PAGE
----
In this day and age of Web 2.0, Twitter and Facebook it might seem like people-to-people contact is all but obsolete. Why phone when you can email? Why talk to someone when you can just as easily (and more efficiently) text them? Why have actual face-time when you can Facebook them? Um actually there are plenty of good reasons why and I recently discovered a few, particularly as a business owner.
Networking is a word that gets thrown around a lot, particularly as some kind of ‘catch-phrase’ for people looking for work. I found that out when I was made redundant last year. It seemed like networking was the silver bullet that would be my ticket out of redundancy-ville. Well it did kind of happen that way (I got an email from a friend about my current job – interestingly I got her the job where she now works – the company I got made redundant from! The circle of life?) but it wasn’t what I imagined the traditional method of networking. When I think of networking I think of gate crashing high society cocktail parties and making small talk with important-looking people, the odd bit of name-dropping and a dash of self-promotion (I struggle with that bit). But I’ve come to realise that networking has a much broader meaning and it been profitable for me to remember that. Here’s an example.
Yesterday I was at the gym just having a friendly banter with my trainer. I wasn’t taking the conversation in any particularly direction but we got on to the topic of running our own business. I mentioned I build websites. Bingo! He needed a website and what do you know – that’s one of my many talents (along with computer hacking and been pretty good with the bowstaff). He was happy because I could fix a business need for him and I was happy to get more work. It’s what I refer to as ‘unintentional networking’. I didn’t go to the gym that day with some hidden agenda or ulterior motive to sell my business services, I was just making conversation. If I hadn’t had that friendly chat I would have completely missed that business opportunity. Having my business card handy was a good idea too.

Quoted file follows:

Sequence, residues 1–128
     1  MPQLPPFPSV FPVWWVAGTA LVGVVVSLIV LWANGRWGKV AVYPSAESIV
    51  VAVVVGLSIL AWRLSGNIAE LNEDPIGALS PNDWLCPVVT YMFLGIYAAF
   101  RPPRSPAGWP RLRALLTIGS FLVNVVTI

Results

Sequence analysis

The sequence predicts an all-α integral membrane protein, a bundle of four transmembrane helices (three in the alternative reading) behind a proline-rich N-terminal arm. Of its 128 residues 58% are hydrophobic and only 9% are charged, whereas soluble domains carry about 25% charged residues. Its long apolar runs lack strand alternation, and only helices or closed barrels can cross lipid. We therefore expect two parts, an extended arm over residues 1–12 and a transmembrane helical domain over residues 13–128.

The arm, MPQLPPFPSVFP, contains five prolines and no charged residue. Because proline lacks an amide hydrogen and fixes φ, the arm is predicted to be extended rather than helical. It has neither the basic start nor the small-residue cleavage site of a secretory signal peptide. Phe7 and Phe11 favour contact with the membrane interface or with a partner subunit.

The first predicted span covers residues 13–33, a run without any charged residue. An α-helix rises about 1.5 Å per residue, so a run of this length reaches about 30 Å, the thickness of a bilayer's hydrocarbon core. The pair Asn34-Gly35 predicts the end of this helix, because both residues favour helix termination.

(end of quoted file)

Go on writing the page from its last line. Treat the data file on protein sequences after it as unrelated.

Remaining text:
Speaking of which I was in at my local Postshop today loading a PIN on my credit card. I had a lovely chat with the lady behind the counter (sorry I don’t know your name) and we were talking about a range of different subjects (as a side point I was impressed I didn’t get the short shift because of the queue – definitely makes you feel like a real person and not just a number!) but I thought why not hand over a business card or two. There was nothing to suggest that she needed a website but who was I to assume she didn’t want one or had a friend starting up a new business that needed one. I went through the same thought process when I gave Jaimie a few of my cards the previous week (one of the very lovely ladies at the Colombo St Postshop). The point I’m trying to make is that unintentional networking is a good way to spread the word, relying on the community effect to kick in. We all know that living in NZ we are part of the ‘2 degree’ syndrome, and to limit our networking to what we perceive as being strategic individuals would be shortsighted. That person we have a casual chat to today may mention us to the best client we will ever get tomorrow.
So don’t close yourself to the possibilities out there – sometimes all it takes is a friendly hi and a quick chat to open up a massive window of opportunities just waiting around the corner.
So what magical things have happened to you, either personal or business, that were a result of ‘unintentional networking’?